You chucked it in the trolley in a trice 
So was it fragrance, brand or maybe price?
How does own label really make you feel?
How much does zapping every germ appeal?’

Before you say ‘hey that’s no major chore’
I must point out I’ve covered this before 
And though more work is tempting when it’s dangled
They’ve tackled bleach from every bloody angle 

I’ll top myself with one more interview 
About best buys to sanitise the loo 
Next week it’s piles – I’m thinking ‘Thank you God’
But is that me who’s really rather odd?! 

Retirement Beckons (26th March)

Dear Rishi, I’d like to object please. My business was starting to 
thrive, 
When along came a change in the tax rules: the dreaded IR35 
This wasn’t a simple amendment, like a drop in the dividend rate
Or another small tweak to the system.  It’s a major upheaval I hate

When my clients take on a new project, requiring they call in the 
troops They’ll soon have to ask themselves questions and go through a 
shed load of hoops 
Before, I’d just offer to help them, but now with this new legislation 
It’s all about things like control, substitution and shared obligation

I’m sure that I’ll wrap my head round it and finally get in the groove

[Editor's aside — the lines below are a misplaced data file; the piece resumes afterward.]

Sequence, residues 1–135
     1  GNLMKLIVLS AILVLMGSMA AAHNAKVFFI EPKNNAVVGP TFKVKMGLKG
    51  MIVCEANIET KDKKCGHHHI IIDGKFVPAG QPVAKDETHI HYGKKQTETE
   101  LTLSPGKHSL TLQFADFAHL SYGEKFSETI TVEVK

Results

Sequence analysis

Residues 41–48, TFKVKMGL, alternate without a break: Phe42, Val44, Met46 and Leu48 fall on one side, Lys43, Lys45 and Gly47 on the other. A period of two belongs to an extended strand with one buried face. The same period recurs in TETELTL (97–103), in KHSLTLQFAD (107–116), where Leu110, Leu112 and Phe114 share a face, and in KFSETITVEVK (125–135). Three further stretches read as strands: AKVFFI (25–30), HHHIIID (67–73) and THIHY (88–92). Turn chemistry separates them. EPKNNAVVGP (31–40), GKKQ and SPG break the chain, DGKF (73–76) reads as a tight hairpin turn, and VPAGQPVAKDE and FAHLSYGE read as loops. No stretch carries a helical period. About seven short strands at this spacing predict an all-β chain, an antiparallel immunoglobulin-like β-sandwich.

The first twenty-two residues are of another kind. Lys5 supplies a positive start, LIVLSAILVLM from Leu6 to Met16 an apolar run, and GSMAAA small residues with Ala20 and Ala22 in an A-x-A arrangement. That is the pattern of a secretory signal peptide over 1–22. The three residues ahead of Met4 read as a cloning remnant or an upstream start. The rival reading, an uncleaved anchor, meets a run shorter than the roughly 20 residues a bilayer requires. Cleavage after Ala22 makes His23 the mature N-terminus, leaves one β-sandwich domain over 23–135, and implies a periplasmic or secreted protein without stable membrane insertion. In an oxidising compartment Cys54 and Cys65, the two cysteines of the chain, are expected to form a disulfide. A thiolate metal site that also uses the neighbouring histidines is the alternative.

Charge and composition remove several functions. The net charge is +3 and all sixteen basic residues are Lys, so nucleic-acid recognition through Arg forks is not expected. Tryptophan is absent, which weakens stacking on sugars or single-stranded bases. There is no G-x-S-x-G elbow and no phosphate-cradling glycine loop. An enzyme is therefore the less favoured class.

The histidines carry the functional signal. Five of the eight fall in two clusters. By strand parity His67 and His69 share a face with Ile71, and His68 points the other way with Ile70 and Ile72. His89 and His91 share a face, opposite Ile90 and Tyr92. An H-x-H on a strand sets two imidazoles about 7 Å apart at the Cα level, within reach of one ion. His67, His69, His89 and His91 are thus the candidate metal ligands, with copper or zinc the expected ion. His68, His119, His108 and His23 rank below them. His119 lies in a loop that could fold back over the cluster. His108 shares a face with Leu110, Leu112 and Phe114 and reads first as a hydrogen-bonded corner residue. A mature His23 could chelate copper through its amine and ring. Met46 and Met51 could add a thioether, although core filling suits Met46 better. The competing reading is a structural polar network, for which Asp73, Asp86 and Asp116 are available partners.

Though it’s ‘obvs’ I’m not an employee, so I’m peeved it’s a fact we must prove 
With multiple clients and studies, I’m plainly no member of staff 
Yet could I be trying to tax dodge? Oh Dishi, now don’t make me laugh

It’s tempting to throw in the towel. I could give window cleaning a bash 
For I like the idea of a job with fresh air, where punters can pay me in cash 
Or maybe it’s time for retirement. I’m too old for new rules in the mix 
I’ll just get to grips with the changes, and they’ll bring in IR36!

Under Starter’s Orders (8th March)

  Today’s the day no-one can scupper  
 First real chance to share a cuppa  
 Yes, today I sprang from bed  
 New freedoms going to my head  
 Lockdown’s sent me round the bend 
 But now am off to see a friend  
 We’ll get fresh air on country land  
 With frothy Starbucks clutched in hand  
 What the hell, I think I’ll risk it  
 Take along a little biscuit  
 Or even, as we stretch our legs  
 We could go mad and munch scotch eggs  
 Our choice to stand, as thirst we quench  
 Or hang it, sit down on a bench  
 What a wild, exciting date  
 Today’s a day to celebrate  
 Let’s treasure every little mo  
 Tarrah my lovelies, off I go! 

No More Comings (19th Feb)

Written in response to Dominic Comings’ comments on the MR industry. Nanda says “I don’t normally like to drag politics into my poetry but I know how upset some of us have been this week over slurs on our industry. So when a member suggested it may provide inspiration for this week’s ode, I’m afraid I couldn’t resist”